None, as far as I can tell.
Someone posted this ‘wish list‘ (or this one, or this one) of the good things about having a CD for a husband, and I mentioned how it was this kind of article that bothered me so much way back when. Ironic or not, I was about 300% more positive about having a CD for a husband than most of the women I met online too.
But this list, I suspect, was written by a CD, not a wife, or maybe it was written by a very cheerlead-y wife in an optimistic mood. (If anyone has any info on the actual origin/writer of this piece, I’d love to hear it.)
While I think it’s an advantage to have a considerate, gentle, domesticated husband, conflating one with the other is a mistake. I know considerate, gentle, domesticated men who are husbands who are not CDs. I have met CDs who are insensitive, beer-cracking, remote-stealing boors. And while I know that many CDs feel that their desire to be feminine makes them – well, more feminine – I’m not sure that CDing has anything whatsoever with how nice a man is, or how nurturing he is.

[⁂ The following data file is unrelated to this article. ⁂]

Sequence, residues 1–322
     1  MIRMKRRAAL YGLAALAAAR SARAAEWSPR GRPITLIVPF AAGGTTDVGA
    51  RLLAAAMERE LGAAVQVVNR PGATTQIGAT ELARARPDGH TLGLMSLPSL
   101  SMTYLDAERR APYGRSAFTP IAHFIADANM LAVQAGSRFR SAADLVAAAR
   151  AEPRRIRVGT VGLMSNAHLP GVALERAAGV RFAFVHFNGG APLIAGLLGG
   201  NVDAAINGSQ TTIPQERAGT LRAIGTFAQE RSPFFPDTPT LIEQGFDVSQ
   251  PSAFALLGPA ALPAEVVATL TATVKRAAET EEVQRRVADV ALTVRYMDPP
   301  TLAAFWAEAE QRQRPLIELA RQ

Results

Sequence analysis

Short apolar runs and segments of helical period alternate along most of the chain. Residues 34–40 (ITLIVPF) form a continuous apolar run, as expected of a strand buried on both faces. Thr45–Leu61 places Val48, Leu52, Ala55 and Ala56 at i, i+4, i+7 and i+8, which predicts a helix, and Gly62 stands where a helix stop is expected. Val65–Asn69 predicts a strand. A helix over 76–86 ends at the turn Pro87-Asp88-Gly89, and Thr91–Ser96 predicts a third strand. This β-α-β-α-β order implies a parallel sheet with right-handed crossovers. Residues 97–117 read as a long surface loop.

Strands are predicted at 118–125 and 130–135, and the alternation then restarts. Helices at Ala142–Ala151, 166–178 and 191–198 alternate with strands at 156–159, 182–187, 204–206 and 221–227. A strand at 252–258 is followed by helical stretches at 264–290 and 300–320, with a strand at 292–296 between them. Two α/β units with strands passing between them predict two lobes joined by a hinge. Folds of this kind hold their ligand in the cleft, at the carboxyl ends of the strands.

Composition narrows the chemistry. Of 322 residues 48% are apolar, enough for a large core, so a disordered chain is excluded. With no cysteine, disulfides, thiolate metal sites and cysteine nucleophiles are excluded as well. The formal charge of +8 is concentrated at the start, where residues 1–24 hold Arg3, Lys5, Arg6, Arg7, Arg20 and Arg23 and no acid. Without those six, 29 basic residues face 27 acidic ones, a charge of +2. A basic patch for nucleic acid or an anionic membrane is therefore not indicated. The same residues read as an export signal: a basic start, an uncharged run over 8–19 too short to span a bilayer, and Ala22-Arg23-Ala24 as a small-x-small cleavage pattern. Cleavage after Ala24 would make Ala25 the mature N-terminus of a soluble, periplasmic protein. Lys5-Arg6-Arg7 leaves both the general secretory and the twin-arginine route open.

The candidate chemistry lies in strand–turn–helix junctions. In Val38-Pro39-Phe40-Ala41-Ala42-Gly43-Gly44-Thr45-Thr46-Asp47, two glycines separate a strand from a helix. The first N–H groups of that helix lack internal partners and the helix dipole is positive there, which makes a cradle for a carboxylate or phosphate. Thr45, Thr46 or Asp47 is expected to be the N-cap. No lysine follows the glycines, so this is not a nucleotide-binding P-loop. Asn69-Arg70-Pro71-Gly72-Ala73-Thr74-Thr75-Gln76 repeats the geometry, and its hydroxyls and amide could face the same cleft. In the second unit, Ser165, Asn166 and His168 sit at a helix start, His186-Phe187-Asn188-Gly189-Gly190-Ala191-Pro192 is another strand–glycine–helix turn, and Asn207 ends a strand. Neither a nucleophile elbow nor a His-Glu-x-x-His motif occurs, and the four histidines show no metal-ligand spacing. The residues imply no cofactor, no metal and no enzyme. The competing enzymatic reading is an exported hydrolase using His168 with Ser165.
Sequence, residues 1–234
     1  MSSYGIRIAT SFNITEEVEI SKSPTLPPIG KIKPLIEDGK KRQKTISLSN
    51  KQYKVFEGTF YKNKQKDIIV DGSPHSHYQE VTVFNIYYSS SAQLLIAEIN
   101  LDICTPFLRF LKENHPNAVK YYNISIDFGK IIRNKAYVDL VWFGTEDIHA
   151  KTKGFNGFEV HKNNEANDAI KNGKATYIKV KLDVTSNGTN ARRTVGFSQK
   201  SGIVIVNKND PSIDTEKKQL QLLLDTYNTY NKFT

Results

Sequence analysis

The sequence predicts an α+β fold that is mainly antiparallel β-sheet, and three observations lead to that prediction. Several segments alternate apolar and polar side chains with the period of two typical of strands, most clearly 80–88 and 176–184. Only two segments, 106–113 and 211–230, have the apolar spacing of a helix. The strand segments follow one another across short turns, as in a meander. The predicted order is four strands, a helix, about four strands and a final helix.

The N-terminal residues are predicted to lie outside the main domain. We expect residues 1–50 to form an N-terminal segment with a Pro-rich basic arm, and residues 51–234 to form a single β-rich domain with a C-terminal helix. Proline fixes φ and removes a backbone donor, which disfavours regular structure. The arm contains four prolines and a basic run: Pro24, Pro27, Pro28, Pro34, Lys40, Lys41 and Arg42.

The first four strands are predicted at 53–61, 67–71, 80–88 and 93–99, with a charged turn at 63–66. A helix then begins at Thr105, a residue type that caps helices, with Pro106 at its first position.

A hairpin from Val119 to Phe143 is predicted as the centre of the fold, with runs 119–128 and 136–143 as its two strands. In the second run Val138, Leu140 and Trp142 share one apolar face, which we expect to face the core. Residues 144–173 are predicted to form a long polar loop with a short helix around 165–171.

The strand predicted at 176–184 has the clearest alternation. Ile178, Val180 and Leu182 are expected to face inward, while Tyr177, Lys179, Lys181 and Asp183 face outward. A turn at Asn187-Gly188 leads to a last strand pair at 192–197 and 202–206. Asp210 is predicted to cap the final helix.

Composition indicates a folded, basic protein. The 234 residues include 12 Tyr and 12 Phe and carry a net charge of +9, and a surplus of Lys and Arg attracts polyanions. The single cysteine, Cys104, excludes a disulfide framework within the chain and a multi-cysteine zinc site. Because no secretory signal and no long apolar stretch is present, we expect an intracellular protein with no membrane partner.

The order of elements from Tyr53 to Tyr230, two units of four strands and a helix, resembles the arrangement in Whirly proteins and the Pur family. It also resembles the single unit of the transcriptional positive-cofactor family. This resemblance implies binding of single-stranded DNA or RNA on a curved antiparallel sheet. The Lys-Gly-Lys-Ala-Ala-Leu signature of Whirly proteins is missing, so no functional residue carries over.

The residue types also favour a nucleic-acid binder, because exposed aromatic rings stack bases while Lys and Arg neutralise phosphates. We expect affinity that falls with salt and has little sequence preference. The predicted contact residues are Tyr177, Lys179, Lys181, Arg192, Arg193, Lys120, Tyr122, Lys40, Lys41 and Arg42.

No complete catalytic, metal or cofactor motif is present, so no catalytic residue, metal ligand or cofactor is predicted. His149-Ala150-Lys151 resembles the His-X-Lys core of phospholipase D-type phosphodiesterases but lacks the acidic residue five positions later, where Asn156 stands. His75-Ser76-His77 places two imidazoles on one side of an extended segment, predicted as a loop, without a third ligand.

What I think CDing *can* do for a man is bring along the kind of crisis that forces a man to dig deeper into himself, to think hard about difficult issues of identity, and to think about who he wants to be, and how. Likewise, for a couple, that same kind of crisis can open new pathways: to conversation, to the meaning of trust, and to a reconsideration of expected gender roles and even sexuality.
But it doesn’t do any of those things automatically, by any stretch. It requires a great deal of integrity, responsibility and sheer nerve to face this stuff and deal with it in a way that isn’t destructive to self or family. And someone capable of that is not a “good man” nor a “good CD” but really just a good partner, spouse, parent, or child.